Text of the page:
- Although manufacturing demand remains strong, supply chain challenges and shortages of raw materials are increasingly constraining production. The IHS Markit/CIPS survey reported its lowest balance for manufacturing output for eight months.
- Some members of the MPC will no doubt view the renewed pickup in price pressures as further reason to vote for higher interest rates at this week’s meeting. But while the decision is finely balanced, the EY ITEM Club thinks the majority will wait for evidence on the impact of the end of the furlough scheme.
Martin Beck, senior economic advisor to the EY ITEM Club, says:
“After falling for four successive months, the manufacturing PMI edged up from 57.1 in September to 57.8 in October. But digging into the detail, the picture was more mixed. On the plus side, growth in new orders and employment strengthened. But with firms reporting production increasingly disrupted by severe capacity constraints and shortages of inputs, manufacturing output growth slowed to an eight-month low and was barely in expansionary territory. This is a picture that is mirrored across the world, and anecdotal evidence suggests supply chain challenges won’t be completely resolved until the second half of 2022.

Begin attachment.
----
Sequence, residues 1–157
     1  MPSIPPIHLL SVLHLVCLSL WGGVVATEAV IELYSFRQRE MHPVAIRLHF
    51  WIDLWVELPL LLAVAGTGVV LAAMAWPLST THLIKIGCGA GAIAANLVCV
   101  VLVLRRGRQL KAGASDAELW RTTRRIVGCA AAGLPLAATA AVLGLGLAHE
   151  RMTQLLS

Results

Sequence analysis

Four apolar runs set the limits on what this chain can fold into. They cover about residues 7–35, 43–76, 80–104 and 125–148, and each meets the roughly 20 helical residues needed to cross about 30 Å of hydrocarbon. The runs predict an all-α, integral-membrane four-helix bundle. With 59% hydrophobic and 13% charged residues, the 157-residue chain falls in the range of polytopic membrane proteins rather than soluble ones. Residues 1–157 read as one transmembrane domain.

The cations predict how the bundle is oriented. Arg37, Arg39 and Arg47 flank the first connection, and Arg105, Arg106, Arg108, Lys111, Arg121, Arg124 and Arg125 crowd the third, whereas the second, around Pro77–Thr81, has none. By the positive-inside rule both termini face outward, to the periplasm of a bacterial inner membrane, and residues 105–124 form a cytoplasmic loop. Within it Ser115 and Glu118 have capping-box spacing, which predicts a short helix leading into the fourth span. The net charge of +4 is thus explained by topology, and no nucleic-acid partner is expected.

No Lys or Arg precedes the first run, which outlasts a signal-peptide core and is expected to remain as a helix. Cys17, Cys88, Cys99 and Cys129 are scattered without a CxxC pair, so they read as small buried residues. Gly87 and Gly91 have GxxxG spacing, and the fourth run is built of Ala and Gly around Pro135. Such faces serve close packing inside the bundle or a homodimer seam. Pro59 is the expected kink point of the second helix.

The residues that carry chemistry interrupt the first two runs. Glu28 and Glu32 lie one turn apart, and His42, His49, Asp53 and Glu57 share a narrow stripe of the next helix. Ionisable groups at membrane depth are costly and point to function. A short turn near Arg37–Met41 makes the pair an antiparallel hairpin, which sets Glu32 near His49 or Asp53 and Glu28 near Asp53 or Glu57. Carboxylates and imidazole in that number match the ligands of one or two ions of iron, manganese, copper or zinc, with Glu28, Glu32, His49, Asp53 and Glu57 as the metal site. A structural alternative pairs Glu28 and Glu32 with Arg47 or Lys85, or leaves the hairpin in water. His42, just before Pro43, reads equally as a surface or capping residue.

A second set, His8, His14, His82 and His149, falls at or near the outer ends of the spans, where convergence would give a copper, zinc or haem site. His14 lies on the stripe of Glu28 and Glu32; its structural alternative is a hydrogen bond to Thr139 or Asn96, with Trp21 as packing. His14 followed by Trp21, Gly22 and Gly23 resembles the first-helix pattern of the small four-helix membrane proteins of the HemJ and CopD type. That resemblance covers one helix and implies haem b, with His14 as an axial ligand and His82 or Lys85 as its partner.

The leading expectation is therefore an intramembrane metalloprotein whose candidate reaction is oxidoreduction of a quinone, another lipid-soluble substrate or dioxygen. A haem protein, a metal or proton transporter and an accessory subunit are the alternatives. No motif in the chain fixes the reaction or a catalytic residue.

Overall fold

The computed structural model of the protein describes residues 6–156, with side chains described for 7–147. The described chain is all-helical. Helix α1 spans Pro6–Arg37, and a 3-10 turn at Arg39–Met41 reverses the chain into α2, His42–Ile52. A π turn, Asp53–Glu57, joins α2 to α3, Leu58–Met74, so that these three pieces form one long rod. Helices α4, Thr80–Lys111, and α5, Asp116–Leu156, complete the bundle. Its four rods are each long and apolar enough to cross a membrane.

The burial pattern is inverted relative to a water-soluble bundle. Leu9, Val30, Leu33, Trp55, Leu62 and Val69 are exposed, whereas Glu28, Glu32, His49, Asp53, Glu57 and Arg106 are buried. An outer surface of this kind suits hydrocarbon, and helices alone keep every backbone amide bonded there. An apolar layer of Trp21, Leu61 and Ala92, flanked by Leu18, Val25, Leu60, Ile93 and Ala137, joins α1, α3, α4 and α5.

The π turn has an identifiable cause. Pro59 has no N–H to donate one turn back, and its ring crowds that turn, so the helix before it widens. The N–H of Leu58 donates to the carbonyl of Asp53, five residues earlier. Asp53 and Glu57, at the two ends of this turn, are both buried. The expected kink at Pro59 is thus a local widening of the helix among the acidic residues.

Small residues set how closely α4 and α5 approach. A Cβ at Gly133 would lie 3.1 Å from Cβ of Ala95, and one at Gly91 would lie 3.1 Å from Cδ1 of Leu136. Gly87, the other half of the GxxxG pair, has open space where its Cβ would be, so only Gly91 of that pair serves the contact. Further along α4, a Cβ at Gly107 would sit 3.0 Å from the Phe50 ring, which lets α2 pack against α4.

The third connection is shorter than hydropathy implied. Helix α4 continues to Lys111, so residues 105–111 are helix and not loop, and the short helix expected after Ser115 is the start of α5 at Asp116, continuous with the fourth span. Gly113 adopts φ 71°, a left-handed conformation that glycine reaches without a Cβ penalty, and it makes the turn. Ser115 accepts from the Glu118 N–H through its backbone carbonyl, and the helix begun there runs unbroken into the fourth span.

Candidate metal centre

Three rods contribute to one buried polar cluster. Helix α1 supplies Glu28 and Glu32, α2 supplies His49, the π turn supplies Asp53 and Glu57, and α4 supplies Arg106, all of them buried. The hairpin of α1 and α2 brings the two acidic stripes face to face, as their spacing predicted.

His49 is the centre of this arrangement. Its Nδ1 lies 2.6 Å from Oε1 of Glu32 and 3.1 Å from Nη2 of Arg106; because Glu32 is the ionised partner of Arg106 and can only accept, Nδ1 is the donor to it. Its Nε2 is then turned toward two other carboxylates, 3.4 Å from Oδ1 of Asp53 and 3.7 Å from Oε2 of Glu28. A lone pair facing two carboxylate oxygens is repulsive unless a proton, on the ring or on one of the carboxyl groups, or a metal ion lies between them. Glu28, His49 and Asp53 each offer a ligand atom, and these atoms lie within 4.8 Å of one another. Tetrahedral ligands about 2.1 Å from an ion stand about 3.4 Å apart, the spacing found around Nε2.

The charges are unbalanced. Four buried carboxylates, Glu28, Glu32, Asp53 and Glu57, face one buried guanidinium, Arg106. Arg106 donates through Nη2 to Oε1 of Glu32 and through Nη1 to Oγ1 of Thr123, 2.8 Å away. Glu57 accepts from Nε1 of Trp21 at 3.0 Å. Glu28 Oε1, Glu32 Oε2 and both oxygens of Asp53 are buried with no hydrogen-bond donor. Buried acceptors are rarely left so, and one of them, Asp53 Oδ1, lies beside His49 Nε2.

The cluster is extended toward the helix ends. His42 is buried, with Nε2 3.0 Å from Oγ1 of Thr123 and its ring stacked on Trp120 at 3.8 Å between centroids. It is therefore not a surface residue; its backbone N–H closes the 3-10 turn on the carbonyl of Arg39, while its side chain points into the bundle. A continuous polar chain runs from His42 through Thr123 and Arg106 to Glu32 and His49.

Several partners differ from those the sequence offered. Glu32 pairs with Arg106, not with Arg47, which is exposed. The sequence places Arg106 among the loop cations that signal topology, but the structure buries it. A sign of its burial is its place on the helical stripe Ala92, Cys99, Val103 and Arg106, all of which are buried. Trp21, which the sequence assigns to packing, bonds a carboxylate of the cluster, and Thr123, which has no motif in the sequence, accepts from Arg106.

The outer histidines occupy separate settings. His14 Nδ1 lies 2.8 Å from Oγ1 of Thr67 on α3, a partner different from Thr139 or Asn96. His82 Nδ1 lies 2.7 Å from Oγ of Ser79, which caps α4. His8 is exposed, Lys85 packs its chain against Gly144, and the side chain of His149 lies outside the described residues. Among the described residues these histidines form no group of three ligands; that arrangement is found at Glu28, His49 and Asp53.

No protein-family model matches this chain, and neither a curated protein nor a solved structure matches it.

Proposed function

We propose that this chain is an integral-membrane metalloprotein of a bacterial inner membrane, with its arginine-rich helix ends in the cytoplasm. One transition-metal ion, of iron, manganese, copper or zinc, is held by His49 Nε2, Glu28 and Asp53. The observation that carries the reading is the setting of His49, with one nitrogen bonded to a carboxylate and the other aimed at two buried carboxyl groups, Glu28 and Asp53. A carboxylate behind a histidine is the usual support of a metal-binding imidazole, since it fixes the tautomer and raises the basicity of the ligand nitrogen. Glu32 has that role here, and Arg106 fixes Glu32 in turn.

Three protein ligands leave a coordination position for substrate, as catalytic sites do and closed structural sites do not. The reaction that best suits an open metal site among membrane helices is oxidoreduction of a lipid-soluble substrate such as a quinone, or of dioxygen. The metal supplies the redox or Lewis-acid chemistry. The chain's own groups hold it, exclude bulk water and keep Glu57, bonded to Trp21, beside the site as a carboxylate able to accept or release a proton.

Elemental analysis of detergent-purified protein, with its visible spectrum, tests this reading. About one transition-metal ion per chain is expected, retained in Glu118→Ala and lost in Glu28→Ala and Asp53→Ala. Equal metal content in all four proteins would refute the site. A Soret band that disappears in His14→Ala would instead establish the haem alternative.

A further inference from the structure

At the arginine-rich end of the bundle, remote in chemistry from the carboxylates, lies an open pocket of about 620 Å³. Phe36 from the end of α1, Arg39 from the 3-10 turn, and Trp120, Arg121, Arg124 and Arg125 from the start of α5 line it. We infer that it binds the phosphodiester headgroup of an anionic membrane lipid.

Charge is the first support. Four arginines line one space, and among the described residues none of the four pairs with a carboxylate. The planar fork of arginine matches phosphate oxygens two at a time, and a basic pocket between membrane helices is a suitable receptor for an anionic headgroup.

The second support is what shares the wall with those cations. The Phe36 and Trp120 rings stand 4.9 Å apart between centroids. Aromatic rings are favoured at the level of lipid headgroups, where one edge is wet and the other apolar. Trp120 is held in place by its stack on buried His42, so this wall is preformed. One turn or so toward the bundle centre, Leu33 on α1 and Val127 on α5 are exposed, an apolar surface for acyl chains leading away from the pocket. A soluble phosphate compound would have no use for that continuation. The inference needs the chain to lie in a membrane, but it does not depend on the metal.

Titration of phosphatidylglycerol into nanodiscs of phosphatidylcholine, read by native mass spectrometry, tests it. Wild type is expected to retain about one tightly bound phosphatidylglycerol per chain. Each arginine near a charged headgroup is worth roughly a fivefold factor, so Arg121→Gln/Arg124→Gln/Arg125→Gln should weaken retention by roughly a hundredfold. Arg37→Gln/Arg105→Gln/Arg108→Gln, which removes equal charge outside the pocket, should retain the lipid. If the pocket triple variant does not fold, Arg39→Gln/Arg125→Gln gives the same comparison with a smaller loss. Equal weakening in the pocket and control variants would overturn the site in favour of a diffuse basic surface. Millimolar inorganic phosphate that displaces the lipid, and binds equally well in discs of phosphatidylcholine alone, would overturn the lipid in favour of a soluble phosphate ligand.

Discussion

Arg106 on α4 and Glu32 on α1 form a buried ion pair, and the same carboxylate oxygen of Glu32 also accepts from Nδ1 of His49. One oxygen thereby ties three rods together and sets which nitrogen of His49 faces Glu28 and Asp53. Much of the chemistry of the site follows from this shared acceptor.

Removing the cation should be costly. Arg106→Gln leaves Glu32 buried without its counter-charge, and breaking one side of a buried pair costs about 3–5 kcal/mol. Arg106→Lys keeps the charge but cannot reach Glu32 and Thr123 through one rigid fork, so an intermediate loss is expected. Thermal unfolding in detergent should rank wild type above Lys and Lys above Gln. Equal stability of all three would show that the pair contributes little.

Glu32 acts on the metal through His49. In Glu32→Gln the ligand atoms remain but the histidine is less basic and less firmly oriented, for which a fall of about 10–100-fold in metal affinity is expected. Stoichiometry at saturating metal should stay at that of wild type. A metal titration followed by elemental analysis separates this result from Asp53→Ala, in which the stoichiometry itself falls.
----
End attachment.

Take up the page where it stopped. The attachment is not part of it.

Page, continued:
“Those challenges are combining with developments in commodity markets to drive up input costs and output prices. October’s survey showed the latter rising at the fastest pace on record. This is likely to continue to feed through to consumer prices, driving CPI inflation above 4% over the next few months. While the EY ITEM Club expects these price pressures to dissipate as supply frictions ease, some members of the MPC are likely to see today’s results as further reason to vote for tighter policy.
“Thursday’s interest rate decision is finely balanced. But the EY ITEM Club thinks the majority will make good on their earlier vow to wait for evidence of the impact of the end of the furlough scheme before they consider voting to raise interest rates. The EY ITEM Club sees February as a more likely time for the first rate hike.”